US airline passengers aren't happy. Here's why

Francesca Street, CNNPublished 11th May 2022
(CNN) — The airports are crowded, the flights are packed and air travel in the US and beyond is back in full swing.
But the return to the skies in the wake of the pandemic hasn't been entirely smooth: passengers seem more badly behaved than ever, flight cancellations feel increasingly commonplace and airlines are hiking fares as fuel prices soar.
Perhaps it's no surprise that North American airplane passenger satisfaction is declining across the board, at least according to consumer research company J.D. Power's 2022 North American Airline Satisfaction Study.
J.D. Power's report suggests that customers are frustrated by ticket cost, flight crew performance and even the aircraft they're traveling on -- and that's true whether they opt to travel economy, premium economy or business.
The study finds overall North American airline passenger satisfaction at 798 out of 1,000, down over 20 points from last year's report.
Still, certain airlines have come out on top in the report. Economy passengers rated Southwest Airlines highest with 849 points, while JetBlue triumphed in premium economy (851 points) and first/business (878 points).
Michael Taylor, travel intelligence lead at J.D. Power, said the overall decline in North American passenger satisfaction isn't "bad news," suggesting airlines could learn from the results to improve their offerings.
"If airlines can find ways to manage these growing volumes while making some small adjustments to help passengers feel more valued, they should be able to manage this return to 'normal,'" said Taylor in a statement.

A new era of flying

JetBlue took the top spot for premium economy and first/business class passenger satisfaction.
JetBlue took the top spot for premium economy and first/business class passenger satisfaction.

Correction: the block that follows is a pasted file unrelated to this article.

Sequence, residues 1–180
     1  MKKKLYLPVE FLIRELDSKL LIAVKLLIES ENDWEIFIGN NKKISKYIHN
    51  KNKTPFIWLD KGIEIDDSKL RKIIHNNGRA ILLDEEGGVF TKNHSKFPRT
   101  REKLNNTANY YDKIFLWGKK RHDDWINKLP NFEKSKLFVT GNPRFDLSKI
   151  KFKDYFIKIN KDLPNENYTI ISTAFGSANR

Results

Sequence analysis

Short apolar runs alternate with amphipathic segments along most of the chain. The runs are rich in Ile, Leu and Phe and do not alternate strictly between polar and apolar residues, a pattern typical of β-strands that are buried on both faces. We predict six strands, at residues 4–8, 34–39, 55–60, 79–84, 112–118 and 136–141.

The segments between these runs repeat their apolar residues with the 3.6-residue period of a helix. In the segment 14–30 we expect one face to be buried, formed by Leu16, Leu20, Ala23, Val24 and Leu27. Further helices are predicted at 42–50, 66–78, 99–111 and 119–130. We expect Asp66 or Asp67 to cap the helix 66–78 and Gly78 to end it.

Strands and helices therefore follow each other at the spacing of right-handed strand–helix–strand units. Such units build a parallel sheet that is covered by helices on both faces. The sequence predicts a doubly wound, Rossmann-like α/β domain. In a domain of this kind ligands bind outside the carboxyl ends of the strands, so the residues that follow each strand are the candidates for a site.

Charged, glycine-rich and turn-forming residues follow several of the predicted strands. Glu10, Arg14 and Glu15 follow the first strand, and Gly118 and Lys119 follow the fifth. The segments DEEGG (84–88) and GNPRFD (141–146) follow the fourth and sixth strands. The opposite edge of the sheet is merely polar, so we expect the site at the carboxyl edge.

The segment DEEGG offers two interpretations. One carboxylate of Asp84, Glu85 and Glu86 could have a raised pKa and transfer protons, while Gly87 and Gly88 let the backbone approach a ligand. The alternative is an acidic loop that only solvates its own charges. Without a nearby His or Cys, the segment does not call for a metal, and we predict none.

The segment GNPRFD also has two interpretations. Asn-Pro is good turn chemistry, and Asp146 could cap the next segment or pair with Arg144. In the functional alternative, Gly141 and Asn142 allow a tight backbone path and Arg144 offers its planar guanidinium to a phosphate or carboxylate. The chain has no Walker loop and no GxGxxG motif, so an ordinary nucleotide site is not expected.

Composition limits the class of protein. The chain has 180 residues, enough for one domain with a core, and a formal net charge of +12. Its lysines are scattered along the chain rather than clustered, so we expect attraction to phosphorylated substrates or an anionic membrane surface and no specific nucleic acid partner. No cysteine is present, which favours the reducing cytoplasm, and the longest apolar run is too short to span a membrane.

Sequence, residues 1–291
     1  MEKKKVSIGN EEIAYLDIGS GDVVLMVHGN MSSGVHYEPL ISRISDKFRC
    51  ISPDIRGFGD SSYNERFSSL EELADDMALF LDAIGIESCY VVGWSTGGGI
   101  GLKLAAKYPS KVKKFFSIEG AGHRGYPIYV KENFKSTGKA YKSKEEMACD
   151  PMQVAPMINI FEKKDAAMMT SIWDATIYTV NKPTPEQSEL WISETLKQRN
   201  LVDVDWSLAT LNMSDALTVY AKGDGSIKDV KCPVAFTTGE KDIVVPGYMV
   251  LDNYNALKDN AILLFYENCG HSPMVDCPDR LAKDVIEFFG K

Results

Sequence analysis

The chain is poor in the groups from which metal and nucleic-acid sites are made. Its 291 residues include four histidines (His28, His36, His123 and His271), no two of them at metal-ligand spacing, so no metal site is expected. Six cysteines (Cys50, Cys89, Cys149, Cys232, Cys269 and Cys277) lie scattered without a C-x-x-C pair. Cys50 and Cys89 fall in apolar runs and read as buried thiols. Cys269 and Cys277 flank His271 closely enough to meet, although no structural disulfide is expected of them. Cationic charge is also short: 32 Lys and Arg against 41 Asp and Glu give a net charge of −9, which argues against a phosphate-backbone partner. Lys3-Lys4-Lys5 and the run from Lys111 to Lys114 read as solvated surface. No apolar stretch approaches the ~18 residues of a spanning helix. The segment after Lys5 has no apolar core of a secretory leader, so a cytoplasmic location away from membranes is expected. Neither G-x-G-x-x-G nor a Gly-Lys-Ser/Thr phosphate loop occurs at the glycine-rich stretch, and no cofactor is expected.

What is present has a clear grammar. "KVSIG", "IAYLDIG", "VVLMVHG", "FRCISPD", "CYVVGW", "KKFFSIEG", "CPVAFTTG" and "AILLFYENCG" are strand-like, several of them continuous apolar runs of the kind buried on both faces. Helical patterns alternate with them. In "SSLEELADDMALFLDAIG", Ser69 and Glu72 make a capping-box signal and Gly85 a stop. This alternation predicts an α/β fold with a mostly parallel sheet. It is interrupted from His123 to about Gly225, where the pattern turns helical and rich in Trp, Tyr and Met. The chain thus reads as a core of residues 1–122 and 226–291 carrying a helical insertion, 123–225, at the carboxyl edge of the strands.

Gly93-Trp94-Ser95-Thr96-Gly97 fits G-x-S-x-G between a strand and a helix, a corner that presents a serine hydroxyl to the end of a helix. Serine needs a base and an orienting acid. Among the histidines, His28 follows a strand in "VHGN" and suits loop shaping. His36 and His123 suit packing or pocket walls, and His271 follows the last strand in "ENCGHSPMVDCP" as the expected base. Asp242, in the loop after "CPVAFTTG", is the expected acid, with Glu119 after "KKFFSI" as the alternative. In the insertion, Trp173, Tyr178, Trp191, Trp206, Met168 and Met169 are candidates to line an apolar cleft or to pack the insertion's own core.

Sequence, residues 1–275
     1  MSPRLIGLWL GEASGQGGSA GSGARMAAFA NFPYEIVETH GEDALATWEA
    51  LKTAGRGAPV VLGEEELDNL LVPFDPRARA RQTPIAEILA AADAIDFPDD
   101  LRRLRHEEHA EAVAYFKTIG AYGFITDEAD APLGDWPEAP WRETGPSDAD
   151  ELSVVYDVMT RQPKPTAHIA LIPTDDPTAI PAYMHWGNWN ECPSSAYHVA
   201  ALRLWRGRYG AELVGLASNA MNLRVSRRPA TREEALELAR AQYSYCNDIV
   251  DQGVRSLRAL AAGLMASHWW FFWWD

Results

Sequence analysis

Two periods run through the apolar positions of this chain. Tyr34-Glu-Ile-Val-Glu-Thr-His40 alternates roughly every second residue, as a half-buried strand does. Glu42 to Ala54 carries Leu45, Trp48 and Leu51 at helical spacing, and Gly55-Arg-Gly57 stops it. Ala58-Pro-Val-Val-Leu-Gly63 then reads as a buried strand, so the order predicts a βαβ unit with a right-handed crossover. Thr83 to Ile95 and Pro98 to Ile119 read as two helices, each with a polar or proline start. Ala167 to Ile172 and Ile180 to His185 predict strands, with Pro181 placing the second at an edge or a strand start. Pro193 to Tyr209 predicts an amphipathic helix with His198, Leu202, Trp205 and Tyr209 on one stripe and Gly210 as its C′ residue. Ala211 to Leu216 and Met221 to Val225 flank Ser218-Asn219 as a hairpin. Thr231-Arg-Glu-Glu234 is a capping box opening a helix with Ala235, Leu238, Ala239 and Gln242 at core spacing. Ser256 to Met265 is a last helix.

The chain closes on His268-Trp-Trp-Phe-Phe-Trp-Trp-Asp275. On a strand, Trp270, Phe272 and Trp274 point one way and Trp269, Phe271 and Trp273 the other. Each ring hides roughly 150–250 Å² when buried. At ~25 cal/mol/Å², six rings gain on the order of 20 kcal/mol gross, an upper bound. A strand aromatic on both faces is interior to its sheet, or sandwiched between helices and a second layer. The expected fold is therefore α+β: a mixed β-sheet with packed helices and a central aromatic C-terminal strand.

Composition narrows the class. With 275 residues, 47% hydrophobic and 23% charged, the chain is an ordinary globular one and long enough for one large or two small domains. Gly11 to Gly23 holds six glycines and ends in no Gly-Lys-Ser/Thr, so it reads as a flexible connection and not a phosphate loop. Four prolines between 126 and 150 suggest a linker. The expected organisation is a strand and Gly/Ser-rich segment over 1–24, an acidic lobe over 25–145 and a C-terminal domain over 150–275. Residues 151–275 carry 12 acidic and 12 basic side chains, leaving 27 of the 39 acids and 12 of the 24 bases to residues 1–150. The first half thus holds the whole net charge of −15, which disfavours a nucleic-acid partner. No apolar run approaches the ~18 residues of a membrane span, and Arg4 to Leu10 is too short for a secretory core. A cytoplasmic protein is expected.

J. Scott Applewhite/AP
Last year's North American Airline Satisfaction Study results indicated travelers were enjoying some of the unexpected benefits of pandemic-era flights: fewer passengers, emptier flights and ticket flexibility.
Taylor suggested that the comparison between those height-of-Covid flights and travel today was behind this year's drop in satisfaction.
"Fewer passengers meant more space on airplanes, less waiting in line and more attention from flight attendants. But that business model was simply not sustainable," he said.
Some carriers, like American Airlines, only resumed selling alcohol on board recently. Limited beverage offerins could be reason for customer dissatisfaction, according to J.D. Power.
Some carriers, like American Airlines, only resumed selling alcohol on board recently. Limited beverage offerins could be reason for customer dissatisfaction, according to J.D. Power.
DANIEL SLIM/AFP/Getty Images
Equally, the report suggests there are some leftovers from pandemic flying that passengers would rather see the back of. J.D. Power draws a link between a decrease in food and beverage satisfaction in premium economy and business and the fact that many airlines didn't serve alcohol on board for much of last year.
As well as food and beverage options, the North America Airline Satisfaction Study also examined how happy passengers were with aircraft, baggage, boarding, check-in, cost and fees, flight crew, in-flight services and reservations.
Some 7,004 airplane passengers were surveyed from March 2021 through March 2022.

J.D. Power's top North American airlines for economy passengers

1. Southwest Airlines
2. JetBlue Airways
3. Delta Air Lines
4. Allegiant Air
5. Alaska Airlines
6. Air Canada
7. United Airlines
8. Spirit Airlines
9. American Airlines
10. Frontier Airlines
11. WestJet

J.D. Power's top North American airlines for premium economy passengers

1. JetBlue Airways
2. Delta Air Lines
3. Alaska Airlines
4. American Airlines
5. United Airlines
6. Air Canada

J.D. Power's top North American airlines for first/business passengers

1. JetBlue Airways
2. Alaska Airlines
3. Delta Air Lines
4. Air Canada
5. United Airlines
6. American Airlines